Study Guide

Afterwards Memory and the Past

Advertisement - Guide continues below

Memory and the Past

This poem is a meditation on death, but it's not just about the act of dying – it's about how the speaker imagines that he will be remembered after his death. Will he be remembered as a poet? Or as a novelist? Or as a nature lover? Or will he be forgotten immediately and left to rot in his house until the neighbors came by to check on the smell? The relationship of the present to the past (and to the future) has a lot to do with memory.

Questions About Memory and the Past

  1. Why is the poem all about the speaker's neighbors who will remember him, and not about his own memories of his life?
  2. Why are the neighbors' reminiscences about the speaker set off in quotation marks as though they represent directly reported speech? Isn't the speaker just imagining what they'd say, anyway?
  3. Why does the poet break from the poetic meter and language of the first three lines of each stanza, writing the neighbors' remarks in a more prosaic style?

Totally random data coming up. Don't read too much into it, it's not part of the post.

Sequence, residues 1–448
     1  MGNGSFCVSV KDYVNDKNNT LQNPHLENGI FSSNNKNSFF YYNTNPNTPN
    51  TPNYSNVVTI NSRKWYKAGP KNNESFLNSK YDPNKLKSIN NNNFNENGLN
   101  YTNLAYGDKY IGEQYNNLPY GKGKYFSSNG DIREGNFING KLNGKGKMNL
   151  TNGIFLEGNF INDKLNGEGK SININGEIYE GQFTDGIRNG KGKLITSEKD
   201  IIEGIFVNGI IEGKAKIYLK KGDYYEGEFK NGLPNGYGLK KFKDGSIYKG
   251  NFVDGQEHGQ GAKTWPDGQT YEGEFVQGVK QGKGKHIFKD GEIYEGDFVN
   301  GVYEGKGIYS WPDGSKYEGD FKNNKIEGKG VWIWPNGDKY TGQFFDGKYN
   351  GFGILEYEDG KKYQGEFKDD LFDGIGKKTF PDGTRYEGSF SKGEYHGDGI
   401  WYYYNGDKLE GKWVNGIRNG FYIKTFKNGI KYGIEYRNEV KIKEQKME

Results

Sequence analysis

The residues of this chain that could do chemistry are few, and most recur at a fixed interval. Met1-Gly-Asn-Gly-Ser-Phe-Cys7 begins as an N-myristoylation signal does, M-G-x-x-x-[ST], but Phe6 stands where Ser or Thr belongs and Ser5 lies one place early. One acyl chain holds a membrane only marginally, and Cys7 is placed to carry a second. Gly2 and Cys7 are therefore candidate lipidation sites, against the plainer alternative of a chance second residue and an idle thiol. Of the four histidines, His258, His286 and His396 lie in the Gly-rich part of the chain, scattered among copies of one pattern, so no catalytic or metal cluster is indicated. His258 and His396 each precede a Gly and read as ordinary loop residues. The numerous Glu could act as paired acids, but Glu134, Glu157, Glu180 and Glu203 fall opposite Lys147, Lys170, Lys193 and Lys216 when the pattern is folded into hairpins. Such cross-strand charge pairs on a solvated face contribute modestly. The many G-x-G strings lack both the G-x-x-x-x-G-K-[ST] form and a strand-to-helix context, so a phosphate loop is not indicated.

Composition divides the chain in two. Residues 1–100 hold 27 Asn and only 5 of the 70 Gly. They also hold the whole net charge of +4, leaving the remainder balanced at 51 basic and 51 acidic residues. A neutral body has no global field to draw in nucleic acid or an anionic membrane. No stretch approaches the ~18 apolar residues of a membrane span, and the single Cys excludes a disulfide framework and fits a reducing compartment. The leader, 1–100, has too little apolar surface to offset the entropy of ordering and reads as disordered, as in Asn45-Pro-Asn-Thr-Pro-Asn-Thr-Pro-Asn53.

4. The "Present" is personified in the first line. Since the whole poem is about how the speaker will be remembered, why isn't the past personified as well?

Chew on This

The neighbors' reported speech in "Afterwards" is written in prose to emphasize the difference between their language and the poet's – between their observation of nature and the poet's heightened sensitivity to it.

The poet hopes to be remembered as a nature lover, rather than as a great poet, because the two are concomitant: poetry can only be written by those who are sensitive observers of nature.

This is a premium product

Tired of ads?

Join today and never see them again.

Please Wait...